It has been demonstrated that the size of the opening of the tube
through which dust is discharged into the bell jar plays an important part
in the type of dust film deposited. This was done by employing the con-
stricted tube, a glass tube of the same diameter as the constricted tube
but without the constricted tip, and the original open tube, all in con-
junction with the centrifuge tube dust reservoir. Microscopic examination
of the dust films showed that the larger the opening the coarser was the
film deposited.

2 Payne, S. H., and H. T. Stultz. 1937. A laboratory apparatus for
determining the relative toxicity of contact dusts. Sixty-seventh Annual
Report of the Entomological Society of Ontario, 1936, pp. 30-33, illus.


Another factor which has some effect on the type of dust film depos-
ited is electrostatic charges on the dust particles. Dust blown from the
original open tube carries little, if any, electrostatic charge. However,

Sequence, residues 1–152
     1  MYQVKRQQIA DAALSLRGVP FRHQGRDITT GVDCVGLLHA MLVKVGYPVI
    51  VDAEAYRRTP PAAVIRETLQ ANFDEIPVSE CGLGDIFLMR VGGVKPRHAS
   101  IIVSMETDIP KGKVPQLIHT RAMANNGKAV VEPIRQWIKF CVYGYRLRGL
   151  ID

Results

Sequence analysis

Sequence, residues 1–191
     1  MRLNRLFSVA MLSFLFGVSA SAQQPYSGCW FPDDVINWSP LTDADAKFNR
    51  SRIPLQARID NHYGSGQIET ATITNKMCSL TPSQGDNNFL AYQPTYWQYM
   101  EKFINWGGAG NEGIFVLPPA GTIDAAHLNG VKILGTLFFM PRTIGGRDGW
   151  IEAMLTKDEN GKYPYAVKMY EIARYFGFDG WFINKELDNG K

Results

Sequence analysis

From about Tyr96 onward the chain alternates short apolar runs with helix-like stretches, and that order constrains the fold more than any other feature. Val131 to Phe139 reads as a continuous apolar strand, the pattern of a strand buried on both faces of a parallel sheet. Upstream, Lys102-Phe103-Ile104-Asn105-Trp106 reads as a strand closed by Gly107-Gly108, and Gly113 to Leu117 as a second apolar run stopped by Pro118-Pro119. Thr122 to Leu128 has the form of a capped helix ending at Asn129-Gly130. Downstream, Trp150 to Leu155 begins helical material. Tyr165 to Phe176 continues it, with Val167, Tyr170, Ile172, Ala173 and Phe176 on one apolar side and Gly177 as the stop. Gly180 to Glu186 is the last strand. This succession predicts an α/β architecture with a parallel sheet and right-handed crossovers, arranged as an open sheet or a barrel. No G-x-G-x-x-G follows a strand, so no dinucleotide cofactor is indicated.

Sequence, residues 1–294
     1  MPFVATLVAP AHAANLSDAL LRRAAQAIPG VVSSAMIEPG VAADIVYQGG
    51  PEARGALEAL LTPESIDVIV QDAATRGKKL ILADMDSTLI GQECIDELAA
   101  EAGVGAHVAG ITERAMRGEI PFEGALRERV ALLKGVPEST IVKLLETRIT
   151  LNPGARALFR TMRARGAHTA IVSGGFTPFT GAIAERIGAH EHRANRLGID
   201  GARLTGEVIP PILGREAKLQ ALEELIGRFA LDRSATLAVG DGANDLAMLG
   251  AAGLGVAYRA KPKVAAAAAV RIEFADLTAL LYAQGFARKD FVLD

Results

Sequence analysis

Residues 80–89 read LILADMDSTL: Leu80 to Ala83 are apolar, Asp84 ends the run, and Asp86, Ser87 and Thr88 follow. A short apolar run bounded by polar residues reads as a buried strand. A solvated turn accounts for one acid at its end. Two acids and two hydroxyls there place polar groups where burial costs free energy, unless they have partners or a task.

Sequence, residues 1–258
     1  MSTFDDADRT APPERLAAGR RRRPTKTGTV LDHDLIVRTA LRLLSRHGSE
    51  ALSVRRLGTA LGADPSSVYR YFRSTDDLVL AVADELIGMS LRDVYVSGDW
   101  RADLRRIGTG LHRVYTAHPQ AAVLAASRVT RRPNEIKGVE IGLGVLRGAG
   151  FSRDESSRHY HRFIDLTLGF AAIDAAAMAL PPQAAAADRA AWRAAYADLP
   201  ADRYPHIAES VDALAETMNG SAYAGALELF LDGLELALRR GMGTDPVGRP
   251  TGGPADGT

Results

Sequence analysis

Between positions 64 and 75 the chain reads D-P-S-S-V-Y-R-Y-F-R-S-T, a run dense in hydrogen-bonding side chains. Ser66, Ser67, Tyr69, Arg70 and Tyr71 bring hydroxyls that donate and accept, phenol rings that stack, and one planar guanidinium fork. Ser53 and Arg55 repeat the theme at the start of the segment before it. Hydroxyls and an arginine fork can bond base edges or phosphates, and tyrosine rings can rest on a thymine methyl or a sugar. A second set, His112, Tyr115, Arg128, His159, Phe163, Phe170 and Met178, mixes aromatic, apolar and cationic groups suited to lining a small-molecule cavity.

during agitation of the dust in the centrifuge tube the particles become
negatively charged.3 Since all the particles carry like charges they tend
to repel each other and settle in a fine film. This is shown by the fact
that dust films from the open tube used alone are slightly coarser than
films deposited when the open tube is used with the centrifuge tube dust
reservoir.4 From this it appears that both the size of opening of the
delivery tube and the charge received in the dust reservoir have an important
bearing on the efficiency of contact dusts for the pea weevil.

3 Determined by Dr. G. W. Hammar, Department of Physics, University of
Idaho, Moscow, Idaho.
4 Charged dust particles also adhere better to any surface than un-
charged particles, and so undoubtedly stick better to the insects' bodies.

Digitized by the Internet Archive
in 2012 with funding from
University of Florida, George A. Smathers Libraries with support from LYRASIS and the Sloan Foundation


tifr 1, App~atus us" In laboratory futstig eOperlmnts.

^F F-W





Tigure 2. -Details of delivery tube and dust reservoir
used in laboratory experiments.

JK -



Tigure 3. -Photcuicrograph showing the appearance of
dust composed of cube (1% rotenone) in diatomaceous
earth and applied with an open tube.

Figure 4. Photoalorograph showing the appearance of
a dust composed of cube (1% rotenone) in diatomaceous
earth applied with a cozatricted tube.


II 3 1262 08537IIll BtII IIIBI 11011
3 1262 08537 1101